The state's 23 electoral votes seemed bound for the Al Gore win column about a month ago, with statewide polls giving the vice president an average lead of 10 percent over Republican George W. Bush. But polls released this week show the race has drawn even, into a situation one state analyst calls "razor, razor tight."
That means the Keystone State will play a key role on Election Day. According to some calculations, Gore would have to win Michigan and Florida to compensate if he lost Pennsylvania. But a Gore sweep of those three states could put the Texas governor in the position of having to capture just about every other contested state. Others speculate that the Democrats need to win Michigan and Pennsylvania - or Michigan and Missouri - to come out on top.
A poll of Pennsylvania voters released this week by the Center for Politics and Public Affairs at Millersville University gave Bush a 43-42 percent advantage, while a Los Angeles Times poll gave Bush a 47-45 percent edge. But daily tracking polls of battleground states by Zogby International show Gore surging slightly in Pennsylvania this week, with a 3-4 percent lead.
"This election defies conventional thinking," says Terry Madonna, the director of the Center for Politics and Public Affairs and just one of many students of Pennsylvania politics scratching his head over the numbers. The Center's statewide survey a month ago gave Gore a 12 percent lead.
Madonna believes voters are now starting to base their decisions on the candidates character in the absence of economic or international worries. As a result, according to conventional wisdom, the wonkish Gore is losing ground to the affable, if detail-challenged, Bush.
"Trust looms as a big issue," he says. "Now they're free to pick and choose from a menu of things - and personal and cultural issues are back into play."
Moreover, "Gore's mistakes," as Madonna puts it, in the debates and in some of his speeches have caused voters to reevaluate the vice president. Many voters now see Gore as strident and prone to exaggeration.
"I call it the second look after the convention," he says, referring to Gore's big bounce in opinion polls at the Democratic National Convention in August.
In the release of its poll, the Los Angeles Times reported that Pennsylvania voters gave Bush a 9-point advantage when asked which man has the most "honesty and integrity." It also noted that independents prefer Bush on these qualities by a nearly 2-1 ratio.
Madonna feels that Bush's oft-repeated vow to restore dignity and honor to the White House - and his promise not to let anyone slip through the safety net - has resonated among women in particular. (Gores lead among this group has slid dramatically in the past month.)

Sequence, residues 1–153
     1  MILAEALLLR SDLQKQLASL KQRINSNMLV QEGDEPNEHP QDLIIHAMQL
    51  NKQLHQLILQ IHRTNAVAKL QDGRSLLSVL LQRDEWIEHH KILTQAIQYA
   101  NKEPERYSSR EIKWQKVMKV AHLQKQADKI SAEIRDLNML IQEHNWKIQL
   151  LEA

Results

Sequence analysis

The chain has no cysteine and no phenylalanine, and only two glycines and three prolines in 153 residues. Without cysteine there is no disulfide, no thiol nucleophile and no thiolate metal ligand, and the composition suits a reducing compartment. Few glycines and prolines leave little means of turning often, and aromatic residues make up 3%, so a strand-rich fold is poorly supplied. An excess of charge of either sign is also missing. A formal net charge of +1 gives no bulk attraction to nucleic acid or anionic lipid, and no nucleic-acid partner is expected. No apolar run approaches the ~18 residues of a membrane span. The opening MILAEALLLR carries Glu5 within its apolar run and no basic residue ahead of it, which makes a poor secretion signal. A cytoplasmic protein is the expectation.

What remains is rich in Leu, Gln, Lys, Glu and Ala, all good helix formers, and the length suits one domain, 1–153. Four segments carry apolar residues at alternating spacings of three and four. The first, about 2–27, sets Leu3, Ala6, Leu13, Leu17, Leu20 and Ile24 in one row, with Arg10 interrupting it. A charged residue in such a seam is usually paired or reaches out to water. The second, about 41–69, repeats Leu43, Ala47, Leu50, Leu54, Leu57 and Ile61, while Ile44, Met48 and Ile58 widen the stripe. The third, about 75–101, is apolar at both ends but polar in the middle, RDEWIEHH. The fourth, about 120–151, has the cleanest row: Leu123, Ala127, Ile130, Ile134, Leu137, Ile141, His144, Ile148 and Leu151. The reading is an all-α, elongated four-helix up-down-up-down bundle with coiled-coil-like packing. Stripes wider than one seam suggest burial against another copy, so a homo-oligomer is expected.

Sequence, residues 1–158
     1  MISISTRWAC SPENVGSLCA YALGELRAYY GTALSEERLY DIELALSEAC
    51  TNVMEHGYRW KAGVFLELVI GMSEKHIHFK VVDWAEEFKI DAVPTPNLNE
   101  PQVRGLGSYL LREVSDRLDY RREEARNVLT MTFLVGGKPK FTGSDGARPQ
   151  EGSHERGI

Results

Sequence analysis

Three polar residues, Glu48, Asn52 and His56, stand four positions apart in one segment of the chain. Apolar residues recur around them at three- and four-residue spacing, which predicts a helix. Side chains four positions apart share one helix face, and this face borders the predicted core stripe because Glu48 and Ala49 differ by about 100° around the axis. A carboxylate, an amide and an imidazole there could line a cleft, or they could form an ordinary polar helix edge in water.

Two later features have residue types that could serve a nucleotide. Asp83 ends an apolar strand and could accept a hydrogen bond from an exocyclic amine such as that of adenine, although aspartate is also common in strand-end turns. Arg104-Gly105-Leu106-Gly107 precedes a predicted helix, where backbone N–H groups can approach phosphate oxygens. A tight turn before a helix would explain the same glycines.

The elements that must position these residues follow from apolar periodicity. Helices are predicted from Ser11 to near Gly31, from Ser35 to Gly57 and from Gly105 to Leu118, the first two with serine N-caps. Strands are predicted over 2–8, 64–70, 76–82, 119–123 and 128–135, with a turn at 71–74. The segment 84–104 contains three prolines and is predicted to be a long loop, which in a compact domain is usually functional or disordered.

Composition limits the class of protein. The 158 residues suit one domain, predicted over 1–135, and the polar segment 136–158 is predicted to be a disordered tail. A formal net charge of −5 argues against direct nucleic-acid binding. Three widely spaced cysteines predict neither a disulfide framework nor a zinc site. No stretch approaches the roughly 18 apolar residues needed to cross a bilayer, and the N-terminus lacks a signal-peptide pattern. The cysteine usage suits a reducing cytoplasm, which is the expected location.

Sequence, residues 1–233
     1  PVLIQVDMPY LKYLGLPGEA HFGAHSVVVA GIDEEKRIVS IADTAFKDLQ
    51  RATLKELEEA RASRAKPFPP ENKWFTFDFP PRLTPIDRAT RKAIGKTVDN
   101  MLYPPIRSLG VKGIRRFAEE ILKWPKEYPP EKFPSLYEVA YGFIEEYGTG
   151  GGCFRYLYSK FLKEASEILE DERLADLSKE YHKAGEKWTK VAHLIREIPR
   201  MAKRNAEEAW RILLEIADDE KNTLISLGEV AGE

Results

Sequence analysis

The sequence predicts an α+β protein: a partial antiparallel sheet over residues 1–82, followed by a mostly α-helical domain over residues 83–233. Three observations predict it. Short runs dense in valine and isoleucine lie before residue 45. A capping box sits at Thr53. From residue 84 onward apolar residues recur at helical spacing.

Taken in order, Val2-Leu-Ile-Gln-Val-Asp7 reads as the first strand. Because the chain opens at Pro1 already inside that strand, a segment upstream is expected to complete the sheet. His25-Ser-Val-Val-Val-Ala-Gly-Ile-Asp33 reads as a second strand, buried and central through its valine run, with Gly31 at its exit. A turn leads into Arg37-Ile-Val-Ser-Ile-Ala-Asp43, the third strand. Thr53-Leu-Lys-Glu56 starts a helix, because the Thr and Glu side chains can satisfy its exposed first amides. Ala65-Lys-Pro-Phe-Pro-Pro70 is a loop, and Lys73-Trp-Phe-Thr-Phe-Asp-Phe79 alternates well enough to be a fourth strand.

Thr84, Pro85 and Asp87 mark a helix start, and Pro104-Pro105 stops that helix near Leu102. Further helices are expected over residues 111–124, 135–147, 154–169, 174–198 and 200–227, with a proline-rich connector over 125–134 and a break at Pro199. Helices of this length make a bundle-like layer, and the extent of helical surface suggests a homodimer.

Michael Young, professor of politcs and public policy at Penn State University, also sees strange trends in the voter landscape this year. He notes that, while Gore has gained some support in the moderate suburbs of Philadelphia (where Bush should be doing better), he is losing ground in the southwest part of the state, an area traditionally known for its Reagan Democrats.
"The political map has been turned upside down," he says.
Another area Young and others will watch closely is Lehigh Valley, home to Allentown and Bethlehem. Once solid Democratic territory, the area has become fertile ground for Republicans in recent years; both candidates have paid visits there. Its also considered bellwether territory because its voter makeup makes it a miniature Pennsylvania.
While stressing that numerous factors the biggest being Democratic turnout that could tip such a close election, Young points to some efforts "beneath the radar screen" by groups such as the National Rifle Association.
"This is a big hunting state and theyve tapped into that," says Young. "That explains a lot of what you see in the southwest (region of the state)."
With events like visits from NRA president Charlton Heston, the group has made guns into a wedge issue this year, and may have compromised Gores support among union workers with the gun issue.
All of the issue groups and geography notwithstanding, Madonna and Young return to the relevance of personality and character, calling it the fulcrum of Campaign 2000. For academics, it's a frustrating admission because it conflicts with conventional models of how voters should act in times of economic prosperity, when they traditionally back the incumbent.
"This election is so strange, with so many twists and turns, we may have to rewrite what we know about voting behavior," says Madonna.
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